The largest custom-car show in Southern California, the Good Guys Fall Nationals, attracted thousands of car enthusiasts to the Del Mar Fairgrounds November 22–24.
More than 1500 cars and trucks were on display, and the show included two buildings full of booths with car customizing accessories — everything from engines to replicas of old car steering wheels and dashboards.
During the show, on the southwest corner of the fairgrounds’ pavement, drivers and vintage cars took part in the “autocross,” a two-lap time trial in which drivers raced around a “racetrack” defined by traffic cones. A cache of tires, batteries, and auto accessories was awarded to drivers in four categories: Hot Rods (up to 1957), Street (manufactured after 1957), Trucks, and Professional class.
Good Guys Car Show, Del Mar
I got to hitch a ride with pro driver Tim McGilton in his 1970 Chevy Camaro. I was told to strap myself in very tightly into a five-point harness. The race officials laughed upon realizing I thought I would be able to hold my camera steady. Over the 60-second run, it wasn't the rate of speed we traveled at that got my heart pumping, but the power of full acceleration and then braking as we drifted around the corners.
Tim, his wife Deb, and their two street-legal race cars, (posing as cars one might drive every day) travel from their home in Wake Forest, North Carolina, to many of 21 Good Guys car shows hosted around the country.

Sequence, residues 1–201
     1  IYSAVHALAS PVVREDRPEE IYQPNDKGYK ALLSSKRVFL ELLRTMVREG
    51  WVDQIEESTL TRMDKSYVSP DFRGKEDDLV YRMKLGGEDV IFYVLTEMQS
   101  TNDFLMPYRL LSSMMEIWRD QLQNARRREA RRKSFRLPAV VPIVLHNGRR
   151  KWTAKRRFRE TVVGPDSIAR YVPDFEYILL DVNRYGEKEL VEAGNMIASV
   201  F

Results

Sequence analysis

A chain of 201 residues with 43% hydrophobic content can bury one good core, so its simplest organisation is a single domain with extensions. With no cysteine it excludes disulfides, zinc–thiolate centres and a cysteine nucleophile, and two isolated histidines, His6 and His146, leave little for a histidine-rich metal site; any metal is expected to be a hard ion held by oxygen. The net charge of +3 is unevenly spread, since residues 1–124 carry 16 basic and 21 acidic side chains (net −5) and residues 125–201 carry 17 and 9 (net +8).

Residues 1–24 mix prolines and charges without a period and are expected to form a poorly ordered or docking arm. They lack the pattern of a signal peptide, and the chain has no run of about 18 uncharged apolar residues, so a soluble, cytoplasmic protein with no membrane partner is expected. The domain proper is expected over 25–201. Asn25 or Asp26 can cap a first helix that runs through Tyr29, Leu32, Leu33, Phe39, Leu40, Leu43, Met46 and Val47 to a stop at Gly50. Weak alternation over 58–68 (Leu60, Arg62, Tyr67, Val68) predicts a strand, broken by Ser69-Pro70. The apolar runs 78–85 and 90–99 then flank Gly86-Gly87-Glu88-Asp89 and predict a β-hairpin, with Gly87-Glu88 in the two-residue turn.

Over at the show area, Jim Sartor from San Marcos showed off his immaculate 1950 Ford Crestliner. He said according to the various Ford clubs, there are only 87 running Crestliners in the country. I asked how much money he’s put into the car's restoration. After a long pause, he shook his head, begrudgingly smiled, and said, “Sixty thousand, but half of that is in the motor.”
He said he thinks it’s worth it because he enjoys the car shows and the camaraderie with the other car folks. “They’re just very nice people.” Jim attends up to 30 local car shows a year, sometimes three in a day.
Lisa and Paul from Mission Valley came to watch the time trials. Lisa saw a 1966 Chevy Chevelle Super Sport that she said she couldn’t live without. “I also can’t afford it,” she quipped.
Dan and his 17-year-old grandson Lucas came from Escondido to look at the different types of custom cars for a possible “project car” for Lucas to restore. Lucas said he thinks he’s settled on Ford Mustangs.
“Any one from the 1960s,” said Lucas. Grandpa Dan got a gleam in his eye, knowing that Lucas would want his help.
Inside Bing Crosby Hall were 20 classic woodies, displayed as the ultimate all-American vehicle. However, one of the most photographed cars of the show was a VW bug with a camper conversion. It received the "Just Cuz It’s Neat " award.